If I knew then

What I know now about building a house (learn from my mistakes – part 1):
1. Don’t use the cost plus method unless you are going to get your own bids for subcontractors.
2. If you are going to get your own subcontractors you might as well be your own general contractor and save a ton of money – just be prepared to be on site every day.
3. Regardless of whether or not you have a general contractor or not, you should know one or more other builders whom you can contact with questions (second opinions)
4. Don’t close before everything is done (you thought things take long to finish before you close!)
5. If you must close prior to everything being completed, be sure to withhold enough money to act as a carrot for the builder to complete the house.
6. A custom home (defined here as any home where the ideas and direction come from you rather than the builder) takes a lot longer (and is thus more expensive) to build than a “choose-your-options” home. Determine if it is worth it to you to be different.
7. Do stuff yourself. While taking on tasks yourself will often mess up the timing of other jobs if you cannot do it on-time, it is also a way to save money and get things done exactly how you like them.
8. Some things to attempt yourself: a) low-voltage wiring like coax, CAT-5, and phone cables for audio, video, and data distribution. b) painting (internal) c) flooring (most floors are pretty straight forward to install) d) landscaping (this doesn’t mean skip this) e) cleaning (they will not do a good job anyway) f) putting up drywall (not taping)
9. Some things not to attempt yourself: a) taping drywall (that is an art) b) plumbing/electrical work (too many codes you need to know) c) roofing (unless you have a really flat roof) d) framing (they can do it much faster)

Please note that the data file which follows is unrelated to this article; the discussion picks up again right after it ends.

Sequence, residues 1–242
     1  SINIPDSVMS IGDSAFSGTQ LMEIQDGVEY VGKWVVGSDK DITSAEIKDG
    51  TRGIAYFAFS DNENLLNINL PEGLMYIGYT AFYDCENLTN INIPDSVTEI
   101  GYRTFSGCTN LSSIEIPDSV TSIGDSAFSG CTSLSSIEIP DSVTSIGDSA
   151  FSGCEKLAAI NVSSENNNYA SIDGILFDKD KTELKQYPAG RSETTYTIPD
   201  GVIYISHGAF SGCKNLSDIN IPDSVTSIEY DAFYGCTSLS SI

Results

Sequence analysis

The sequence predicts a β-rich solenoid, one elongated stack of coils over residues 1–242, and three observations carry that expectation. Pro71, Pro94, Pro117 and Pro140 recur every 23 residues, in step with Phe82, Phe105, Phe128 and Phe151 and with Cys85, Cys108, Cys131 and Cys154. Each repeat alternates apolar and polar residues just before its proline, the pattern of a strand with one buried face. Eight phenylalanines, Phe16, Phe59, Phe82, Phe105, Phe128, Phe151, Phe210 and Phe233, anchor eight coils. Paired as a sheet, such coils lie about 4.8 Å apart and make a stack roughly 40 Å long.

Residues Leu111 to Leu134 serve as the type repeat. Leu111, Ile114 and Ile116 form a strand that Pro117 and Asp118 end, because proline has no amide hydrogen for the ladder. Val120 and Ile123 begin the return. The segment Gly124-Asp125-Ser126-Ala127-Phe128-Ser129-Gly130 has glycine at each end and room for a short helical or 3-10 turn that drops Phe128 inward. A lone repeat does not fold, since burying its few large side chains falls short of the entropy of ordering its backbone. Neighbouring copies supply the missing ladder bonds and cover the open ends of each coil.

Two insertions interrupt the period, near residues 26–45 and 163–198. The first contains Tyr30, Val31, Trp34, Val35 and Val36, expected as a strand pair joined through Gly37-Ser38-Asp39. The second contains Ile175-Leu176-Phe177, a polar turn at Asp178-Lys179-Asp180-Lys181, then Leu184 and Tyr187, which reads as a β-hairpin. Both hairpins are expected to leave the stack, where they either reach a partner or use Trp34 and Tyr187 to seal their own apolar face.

4 responses to this post.

  1. Posted by rebekah on September 4, 2003 at 11:37 pm

    When we got our house it was so ugly. We did what we could to improve it. You can never make a small house look good. It’s like trying to make you’re dad look cool. It just doesn’t work. It took us 5 years to get it almost complete. Partly due to funds. The other part due to time. It always costs more money and time that you’ll think. We did had to take out the toilet out 5 times. That was by far the most frustrating thing to do. And as far as taping the drywall and putting the compund on…it’s not so hot. We were so tired after putting the drywall up that we didn’t even care about how it looked. We just wanted it done. And you can tell by looking. We should just go for that messy plastered look Trading Spaces people always do so no one can tell.

  2. I want to build someday so I appreciate your tips. Of course what I’m wanting to build will be a esoteric modern architecture affair so I’m pretty sure I’ll end up having to play the role of the general contractor since we are not dealing with their typical suburbia fare.

  3. Yeah getting many builders to break out of the box-es that they are so used to building is quite an exercise. A friend of mine is planning on building a modern-style home soon so I can post updates as the luck he is having. I am sure part of the difficulty is that here in Minnesota it is difficult to find builders of that style of home because there is not much demand – I am sure it would be easier in California.

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